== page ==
New York City authorities have identified a suspect being sought in the shooting on a Brooklyn subway train as Frank R James, a 62-year-old man from Philadelphia who police say had rented a van connected to the incident that left 10 people shot.
Previously identified as a person of interest, James has now been named as the gunman by the New York Police Department in the shooting that happened at about 8:30am (12:30 GMT) on Tuesday during the morning commuter rush.
“Frank Robert James fired numerous gun shots inside an ‘N’ line subway car at 36th & 4th Ave subway station causing serious injuries to 10 people,” the NYPD said in a tweet on Wednesday.
New York City Mayor Eric Adams, speaking to United States broadcaster National Public Radio (NPR) on Wednesday, cited “new information that became available to the team” for the conclusion that James was the shooter, but did not offer details.
On 4/12/22 at 8:30 AM, Frank Robert James fired numerous gun shots inside an "N" line subway car at 36th St & 4th Ave subway station causing serious injuries to 10 people. Anyone with info about the incident or his whereabouts should contact @NYPDTips or call 1-800-577-TIPS. pic.twitter.com/MaeF16i4bX
— NYPD NEWS (@NYPDnews) April 13, 2022
Law enforcement officials have been examining social media posts in which James decried the US as a racist nation awash in violence and, in some posts, railed against Adams.
“This nation was born in violence, it’s kept alive by violence or the threat thereof and it’s going to die a violent death. There’s nothing going to stop that,” James said in one video.
New York Police Commissioner Keechant Sewell called the posts “concerning” and officials tightened security for Adams, who was already isolating after a positive COVID-19 test on Sunday.
“We are going to continue to close the loop around him and bring him in, and continue the investigation into this horrific act against innocent New Yorkers,” Adams told MSNBC on Wednesday.
Authorities offered rewards totalling $50,000 for information leading to the arrest of the gunman, who they believed acted alone.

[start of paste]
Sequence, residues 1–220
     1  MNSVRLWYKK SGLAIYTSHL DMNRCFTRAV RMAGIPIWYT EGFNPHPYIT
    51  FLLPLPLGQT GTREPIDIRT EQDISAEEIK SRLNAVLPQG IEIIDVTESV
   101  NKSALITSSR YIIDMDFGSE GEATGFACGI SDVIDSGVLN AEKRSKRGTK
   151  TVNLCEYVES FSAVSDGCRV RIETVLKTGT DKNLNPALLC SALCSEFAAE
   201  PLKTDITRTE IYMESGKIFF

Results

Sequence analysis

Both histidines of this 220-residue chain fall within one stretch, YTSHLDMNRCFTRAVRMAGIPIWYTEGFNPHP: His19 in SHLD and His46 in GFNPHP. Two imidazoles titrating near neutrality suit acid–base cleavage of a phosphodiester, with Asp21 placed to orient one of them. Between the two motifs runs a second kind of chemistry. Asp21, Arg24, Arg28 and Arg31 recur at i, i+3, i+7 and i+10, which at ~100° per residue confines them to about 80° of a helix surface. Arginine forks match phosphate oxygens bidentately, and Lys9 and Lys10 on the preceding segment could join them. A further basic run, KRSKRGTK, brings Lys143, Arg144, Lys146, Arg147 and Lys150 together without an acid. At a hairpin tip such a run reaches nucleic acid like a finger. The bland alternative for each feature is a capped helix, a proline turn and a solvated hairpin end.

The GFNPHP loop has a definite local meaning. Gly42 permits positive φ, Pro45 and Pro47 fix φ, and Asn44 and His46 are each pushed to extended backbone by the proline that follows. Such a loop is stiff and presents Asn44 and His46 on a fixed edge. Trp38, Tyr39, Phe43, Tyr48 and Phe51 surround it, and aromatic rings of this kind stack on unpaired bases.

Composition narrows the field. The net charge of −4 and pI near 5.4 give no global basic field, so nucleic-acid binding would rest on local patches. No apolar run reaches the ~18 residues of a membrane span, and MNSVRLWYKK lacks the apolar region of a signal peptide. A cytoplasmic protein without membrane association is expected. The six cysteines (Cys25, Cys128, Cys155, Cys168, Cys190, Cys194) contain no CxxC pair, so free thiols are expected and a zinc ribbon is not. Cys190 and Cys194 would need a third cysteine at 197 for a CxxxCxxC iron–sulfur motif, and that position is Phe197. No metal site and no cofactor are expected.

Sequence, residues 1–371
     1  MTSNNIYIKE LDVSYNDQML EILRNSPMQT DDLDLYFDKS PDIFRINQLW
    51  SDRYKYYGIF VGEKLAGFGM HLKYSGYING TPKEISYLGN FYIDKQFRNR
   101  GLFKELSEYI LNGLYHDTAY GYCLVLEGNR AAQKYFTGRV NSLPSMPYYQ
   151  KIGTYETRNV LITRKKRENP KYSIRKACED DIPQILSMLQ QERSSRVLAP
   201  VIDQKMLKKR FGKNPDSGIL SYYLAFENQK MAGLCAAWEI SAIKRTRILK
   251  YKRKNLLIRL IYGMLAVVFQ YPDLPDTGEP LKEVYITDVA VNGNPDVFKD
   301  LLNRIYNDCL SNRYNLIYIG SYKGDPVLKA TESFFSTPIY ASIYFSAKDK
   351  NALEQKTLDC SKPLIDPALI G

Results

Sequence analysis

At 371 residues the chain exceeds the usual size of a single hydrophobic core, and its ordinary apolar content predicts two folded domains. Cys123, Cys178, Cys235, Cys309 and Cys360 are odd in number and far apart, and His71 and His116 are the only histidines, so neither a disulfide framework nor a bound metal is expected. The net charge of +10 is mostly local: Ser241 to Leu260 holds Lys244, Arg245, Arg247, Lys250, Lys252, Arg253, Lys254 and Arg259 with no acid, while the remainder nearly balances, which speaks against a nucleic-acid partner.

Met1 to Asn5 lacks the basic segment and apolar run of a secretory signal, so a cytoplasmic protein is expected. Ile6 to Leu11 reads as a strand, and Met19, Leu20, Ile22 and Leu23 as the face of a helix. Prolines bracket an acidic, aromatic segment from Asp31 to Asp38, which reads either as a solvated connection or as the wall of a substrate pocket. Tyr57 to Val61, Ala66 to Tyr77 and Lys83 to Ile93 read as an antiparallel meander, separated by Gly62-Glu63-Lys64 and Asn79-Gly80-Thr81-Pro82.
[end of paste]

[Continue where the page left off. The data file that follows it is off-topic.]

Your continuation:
The gunman sent off smoke grenades in a crowded subway car and then fired at least 33 shots with a 9mm handgun, police said. Five gunshot victims were in critical condition but all 10 wounded in the shooting were expected to survive. At least a dozen others who escaped gunshot wounds were treated for smoke inhalation and other injuries.
Sewell warned the incident could have been far worse after police found the gun used in the shooting had jammed and extra magazines of ammunition were left behind by the shooter, who fled in the chaos.
“I’m just grateful to be alive,” said passenger Jordan Javier, who thought the first popping sound he heard was a book dropping. Then there was another pop, he said, and people started moving toward the front of the car, and he realised there was smoke.
When the train pulled into the 36th Street station in the Sunset Park neighbourhood, people ran out and were directed to another train across the platform.
Some injured passengers collapsed as they poured out of the smoke-filled subway car onto the platform of the 36th Street station.
The station was open as usual on Wednesday morning, less than 24 hours after the violence, and the New York City subway system as a whole was operating normally while police checked backpacks at some stations.
The shooter fled in the chaos, leaving behind the gun, extended magazines, a hatchet, detonated and undetonated smoke grenades, a black garbage can, a rolling cart, gasoline and the key to a U-Haul van, police said.
That key led investigators to James, who has addresses in Philadelphia and Wisconsin, NYPD Chief of Detectives James Essig said. The van was later found, unoccupied, near a station where investigators determined the gunman had entered the subway system, Essig said.
Rambling, profanity-filled YouTube videos apparently posted by James, who is Black, are replete with violent language and bigoted comments, some against other Black people.
In one video, posted a day before the attack, he criticises crime against Black people and says drastic action is needed.
“You got kids going in here now taking machine guns and mowing down innocent people,” James says. “It’s not going to get better until we make it better.”
He added that he thought things would only change if certain people were “stomped, kicked and tortured” out of their “comfort zone”.